Hurdle make wrong move in Pirates' loss?

This is the time of year when losses dig deep, a toothache of inexplicable pain that runs through your blood. This is the time of year when every manager's decision is scrutinized, overanalyzed and ultimately criticized based on the final result of the game.

The last time the Pittsburgh Pirates and Cincinnati Reds played 14 innings was back in 1984. Amazingly, the Pirates used only two pitchers in that game, as Don Robinson pitched eight innings in relief, losing when Reds catcher Brad Gulden hit a two-out, three-run homer in the bottom of the 14th inning.

On Monday night, Pirates fans may have preferred that Clint Hurdle stick with one pitcher. The game's crucial moment -- or at least the first of many crucial moments -- came in the bottom of the seventh inning. Pirates starter Wandy Rodriguez had pitched sweetly into the seventh, allowing just one hit, a Chris Heisey home run in the fourth inning. The Pirates led 3-1 and Joey Votto singled and with two outs Todd Frazier reached on an infield single. Rodriguez was at 89 pitches.

As you can see from the tweet from Pittsburgh Tribune-Review columnist Dejan Kovacevic, the decision to remove Rodriguez with Dioner Navarro at the plate did not work out. Navarro doubled into the right-field corner off Jared Hughes, scoring two runs to tie the game.

Was it the wrong move to yank Rodriguez, or is this second-guessing in hindsight? I wasn't watching the game at the time, but it certainly appears Rodriguez was still pitching well. Navarro had only 34 plate appearances at the time and both his home runs had come off left-handers and he has been better in his career against left-handers (.747 OPS versus .631), so it's certainly possible Hurdle was aware of that and went to the right-handed Hughes. It's also worth noting that Hughes had pitched well lately: Over his previous six appearances he'd gone 6.1 innings and allowed five hits with eight strikeouts and no walks. On the other hand, Hughes has a somewhat significant platoon split (.198 versus righties, .248 versus lefties).

One more number: When Rodriguez manages to pitch deep into a game, he has been effective this season. Look at his numbers (entering Monday) at various pitch totals:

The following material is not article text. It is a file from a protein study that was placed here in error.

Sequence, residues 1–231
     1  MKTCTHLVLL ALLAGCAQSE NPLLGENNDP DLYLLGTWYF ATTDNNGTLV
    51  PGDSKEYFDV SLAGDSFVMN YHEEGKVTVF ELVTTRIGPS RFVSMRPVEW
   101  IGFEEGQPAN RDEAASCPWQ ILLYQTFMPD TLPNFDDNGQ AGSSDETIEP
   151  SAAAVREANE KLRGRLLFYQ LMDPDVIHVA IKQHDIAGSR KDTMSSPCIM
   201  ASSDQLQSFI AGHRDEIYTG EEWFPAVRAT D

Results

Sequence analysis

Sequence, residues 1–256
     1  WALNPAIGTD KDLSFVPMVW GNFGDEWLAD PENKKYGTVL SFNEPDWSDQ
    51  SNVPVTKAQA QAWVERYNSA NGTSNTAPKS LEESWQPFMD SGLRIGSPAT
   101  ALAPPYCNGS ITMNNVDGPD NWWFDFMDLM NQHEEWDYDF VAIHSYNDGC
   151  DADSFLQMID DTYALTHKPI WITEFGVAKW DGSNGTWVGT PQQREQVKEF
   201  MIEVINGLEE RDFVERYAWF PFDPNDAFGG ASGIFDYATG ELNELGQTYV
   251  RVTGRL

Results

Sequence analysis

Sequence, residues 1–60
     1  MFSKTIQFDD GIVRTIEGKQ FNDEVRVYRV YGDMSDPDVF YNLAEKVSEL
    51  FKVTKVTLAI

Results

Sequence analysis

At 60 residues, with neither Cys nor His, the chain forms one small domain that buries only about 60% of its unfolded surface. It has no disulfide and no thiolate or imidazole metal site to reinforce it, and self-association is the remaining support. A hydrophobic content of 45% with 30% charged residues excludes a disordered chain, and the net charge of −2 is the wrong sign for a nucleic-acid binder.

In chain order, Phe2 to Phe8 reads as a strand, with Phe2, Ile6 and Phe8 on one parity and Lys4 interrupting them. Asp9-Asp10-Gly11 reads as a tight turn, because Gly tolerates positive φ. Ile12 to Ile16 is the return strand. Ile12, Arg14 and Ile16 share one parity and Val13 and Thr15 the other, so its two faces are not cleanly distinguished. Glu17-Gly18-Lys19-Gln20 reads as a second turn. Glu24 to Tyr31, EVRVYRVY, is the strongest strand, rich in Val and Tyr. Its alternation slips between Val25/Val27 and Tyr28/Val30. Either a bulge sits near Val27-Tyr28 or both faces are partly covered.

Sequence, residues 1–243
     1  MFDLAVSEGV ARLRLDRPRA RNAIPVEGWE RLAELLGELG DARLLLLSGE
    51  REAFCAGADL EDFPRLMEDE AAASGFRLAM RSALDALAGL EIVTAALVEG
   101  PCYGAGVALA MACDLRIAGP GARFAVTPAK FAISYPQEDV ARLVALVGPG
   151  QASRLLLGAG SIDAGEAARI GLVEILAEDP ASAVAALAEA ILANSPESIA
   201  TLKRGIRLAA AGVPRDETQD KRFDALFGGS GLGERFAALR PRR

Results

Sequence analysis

Pitches 1 to 25: .307/.365/.500, 1.63 SO/BB

Pitches 26 to 50: .253/.321/.349, 1.82 SO/BB

Pitches 51 to 75: .274/.310/.400, 2.90 SO/BB

Pitches 76 to 100: .196/.226/.331, 5.80 SO/BB

Add it all up, and it's probably a 50/50 call. If Hurdle leaves in Rodriguez and he gives up a double, then the criticism comes from not replacing Rodriguez. I can't blame Hurdle on this; he turned Navarro around to his weaker side and used a reliever who has been very good of late.

From that point, maybe it was inevitable the Pirates would lose. Joel Hanrahan pitched out of a one-out, runner-on-third jam in the 11th and Chris Leroux threw two scoreless innings. Meanwhile, the Pirates had loaded the bases against Aroldis Chapman in the 10th, thanks to three walks, but Sam LeCure rescued Chapman by getting Michael McKenry to ground out.

Then came the 14th inning, and that inning may live on in 2012 Pirates lore longer than the seventh. The Pirates loaded the bases with no outs off Alfredo Simon. Chase D'Arnaud flew out to shallow center. Pedro Alvarez grounded to Joey Votto, who made a nice play to record the force at home. Jose Tabata grounded out to Votto to end the inning.

And then Rick VandenHurk came in -- his first appearance of the season. In their biggest game of the season (so far!), the Pirates turned to a reliever with a 5.97 career ERA. It was a tough position to put VandenHurk in. We'll forgo the details.

It's not over yet for the Pirates; the Cardinals lost again and Pittsburgh remains 2.5 games behind St. Louis (and notice Philadelphia and Milwaukee slowly creeping back into this thing?). And I'm guessing Pirates fans -- including our friend Mr. Gallo -- will be watching on Tuesday.